In January 2016, Penn Medicine met with Apple engineers to develop an economic and efficient full configuration Standard Clinical iPhone (SCiP) to work with Penn’s mobile device management tool while leveraging Apple’s Device Enrollment Program (DEP) and Volume Purchasing Program (VPP). Using this method saved the organization 975 man hours in its initial deployment using DEP streamlined setup (15 minutes versus one hour for each iPhone). Pushing additional apps to devices without needing an Apple ID and password for download or manual touch also made the implementation efficient. By implementing this project, it placed a vital tool into caregivers’ hands, officials say.

Just by using the secure texting, clinicians were able to coordinate patient flow across care settings with multiple providers and mended gaps in communication. One example had the cardiac surgery team on a thread with the patient’s current caregivers. The nurse took a picture of the surgical site and sent it securely with a description, concerned about swelling around the surgical site. The surgical team was able to provide immediate feedback and resolve the issue remotely.


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New Blockchain Project Sets to Tackle Provider Credentialing

November 12, 2018
by Rajiv Leventhal, Managing Editor
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A group of five healthcare enterprises—National Government Services, Spectrum Health, WellCare Health Plans, Inc., Accenture, and The Hardenbergh Group—are linking up to participate in a distributed ledger program aimed at resolving administrative inefficiencies related to professional credentialing.

The project, Professional Credentials Exchange, is being developed by ProCredEx and Hashed Health, a blockchain innovation consortium. The exchange leverages “advanced data science, artificial intelligence, and blockchain technologies to greatly simplify the acquisition and verification of information related to professional credentialing and identity,” according to officials.

In an announcement, officials noted that credentialing healthcare professionals “is a universally problematic process for any industry member that delivers or pays for patient care.  The process often requires four to six months to complete and directly impedes the ability for a healthcare professional to deliver care and be reimbursed for their work.”

They added, “Hospitals alone forfeit an average of $7,500 in daily net revenues waiting for credentialing and payer enrollment processes to complete.  Further, nearly every organization required to perform this work does so independently—creating a significant administrative burden for practitioners.”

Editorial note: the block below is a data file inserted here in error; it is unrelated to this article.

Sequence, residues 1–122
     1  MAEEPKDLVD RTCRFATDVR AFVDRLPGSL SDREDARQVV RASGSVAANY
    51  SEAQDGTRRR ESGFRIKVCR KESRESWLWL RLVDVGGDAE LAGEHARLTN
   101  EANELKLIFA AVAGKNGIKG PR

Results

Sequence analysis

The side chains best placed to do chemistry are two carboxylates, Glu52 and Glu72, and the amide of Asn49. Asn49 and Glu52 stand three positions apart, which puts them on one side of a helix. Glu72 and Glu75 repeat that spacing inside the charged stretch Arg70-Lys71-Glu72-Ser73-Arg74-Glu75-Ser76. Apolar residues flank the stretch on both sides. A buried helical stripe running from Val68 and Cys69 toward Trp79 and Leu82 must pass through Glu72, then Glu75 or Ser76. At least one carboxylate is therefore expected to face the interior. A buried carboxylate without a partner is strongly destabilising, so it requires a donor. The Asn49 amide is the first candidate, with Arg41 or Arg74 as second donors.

As such, the groups, via the exchange, will aim to address the time, cost, and complexity associated with these processes by facilitating the secure, trusted exchange of verified credentials information between exchange members.

Included in the collaboration are WellCare Health Plans, which serves about 5.5 million members, and Spectrum Health, a 12-hospital health system in western Michigan. National Government Services is a Medicare contractor for the Centers for Medicare & Medicaid Services (CMS), and processes more than 230 million Medicare claims annually.

"A fundamental component of developing the exchange lays in building a network of members that bring significant verified credential datasets to the marketplace," Anthony Begando, ProCredEx's co-founder and CEO, said in a statement.  "These are the leading participants in a growing group of collaborators who bring data and implementation capabilities to accelerate the deployment and scaling of the exchange."

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Google Taps Geisinger CEO David Feinberg to Assume Healthcare Leadership Role

November 9, 2018
by Rajiv Leventhal, Managing Editor
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Top healthcare execs continue to leave the hospital and health system space to move into tech

Geisinger Health System CEO David Feinberg, M.D. has been tapped by Google to assume a leadership role over its healthcare initiatives.

According to a report from CNBC, “Feinberg's job will be figuring out how to organize Google's fragmented health initiatives, which overlap among many different business groups.” The report, from CNBC’s Christina Farr, added, “The search has been underway for months, according to several people familiar with the search process. Artificial intelligence head Jeff Dean has been deeply involved in the process and personally interviewing candidates.”